An Evaluation of the View That; People Act as ‘Lay Scientists’ in Interpreting Their Social World, Perceiving and Analysing Information in an Objective, Rational Manner.
An evaluation of the view that; people act as ‘lay scientists’ in interpreting their social world, perceiving and analysing information in an objective, rational manner.
By Paula Lewis U0044332
Social psychologists interested in social perception and cognition have an ‘intuitive scientist’ model of how people understand their worlds – people seek ‘truths’ in a logical and rational way (as cited in Buchanan et al, 2007, p.106). They suggest that in order for people to have a sense of control over their social interactions, they make inferences and assumptions about people’s behaviour and events that they encounter. This concept falls under the ‘attribution theory’ umbrella, which means; assigning cause to our own or other peoples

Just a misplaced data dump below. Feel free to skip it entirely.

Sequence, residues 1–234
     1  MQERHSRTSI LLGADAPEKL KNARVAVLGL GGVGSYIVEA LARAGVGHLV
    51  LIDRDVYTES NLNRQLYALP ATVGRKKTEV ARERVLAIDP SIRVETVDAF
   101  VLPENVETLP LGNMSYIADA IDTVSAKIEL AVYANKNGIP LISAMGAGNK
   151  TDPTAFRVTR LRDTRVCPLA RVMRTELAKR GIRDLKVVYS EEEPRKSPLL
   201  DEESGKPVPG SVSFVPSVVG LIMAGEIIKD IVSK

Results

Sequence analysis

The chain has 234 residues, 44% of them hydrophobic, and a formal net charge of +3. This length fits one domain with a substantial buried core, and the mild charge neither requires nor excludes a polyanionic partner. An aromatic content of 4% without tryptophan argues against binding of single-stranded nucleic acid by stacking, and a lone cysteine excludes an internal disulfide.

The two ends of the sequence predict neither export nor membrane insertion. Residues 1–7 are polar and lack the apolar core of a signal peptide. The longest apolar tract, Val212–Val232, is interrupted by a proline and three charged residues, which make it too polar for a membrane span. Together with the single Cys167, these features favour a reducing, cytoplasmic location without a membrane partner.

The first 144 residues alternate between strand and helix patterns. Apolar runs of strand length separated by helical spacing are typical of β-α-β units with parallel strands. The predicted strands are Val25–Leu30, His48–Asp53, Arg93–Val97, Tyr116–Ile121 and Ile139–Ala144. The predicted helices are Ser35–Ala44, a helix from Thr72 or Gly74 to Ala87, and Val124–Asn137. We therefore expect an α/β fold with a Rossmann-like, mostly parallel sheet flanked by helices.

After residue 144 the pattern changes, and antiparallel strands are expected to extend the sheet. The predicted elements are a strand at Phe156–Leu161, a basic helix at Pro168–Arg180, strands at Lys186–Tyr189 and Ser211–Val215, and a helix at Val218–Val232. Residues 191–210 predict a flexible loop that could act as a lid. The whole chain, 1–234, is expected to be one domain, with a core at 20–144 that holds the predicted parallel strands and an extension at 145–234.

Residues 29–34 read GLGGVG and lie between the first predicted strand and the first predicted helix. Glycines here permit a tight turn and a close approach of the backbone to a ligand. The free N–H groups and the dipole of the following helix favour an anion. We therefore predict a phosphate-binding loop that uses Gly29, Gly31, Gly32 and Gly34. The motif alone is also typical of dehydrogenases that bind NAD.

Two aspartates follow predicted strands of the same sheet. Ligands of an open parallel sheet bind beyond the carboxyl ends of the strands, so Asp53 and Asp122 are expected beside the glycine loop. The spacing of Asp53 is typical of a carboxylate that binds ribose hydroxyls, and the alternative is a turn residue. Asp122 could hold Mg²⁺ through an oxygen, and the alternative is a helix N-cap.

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However, the evidence presented by Miller (cited in Buchanan et al, 2007), suggests that the FAE may be a product of culture. When judging our own actions, we tend to assign internal attributions to success (i scored high on my exam because i studied extremely hard) or external attributions towards our ‘failures’ (i failed my exam because it was too hard). It has been suggested that the reason the FAE disappears when assigning cause to our own actions is due to our own biases, mainly; the self-serving bias (cited in Buchanan et al, 2007). Cognitive psychologists suggest that the self-serving bias is based on how our cognitive system works; based on expectations of our worlds; we expect to do well at something if we put in the effort. We can use previous experience to make such judgements when not all of the information required to do this is available to us. Another plausible explanation is that it is a motivational bias, which is driven by a need to enhance our self-esteem, or to present ourselves in the best possible light (as cited in Buchanan et al, 2007, p.79). We are responsible for our own successes (as success tends to make us feel good about ourselves) and therefore we see our ‘failings’ as out of our control, so not our fault. The study by Ruscher et al (cited in Buchanan et al, 2007)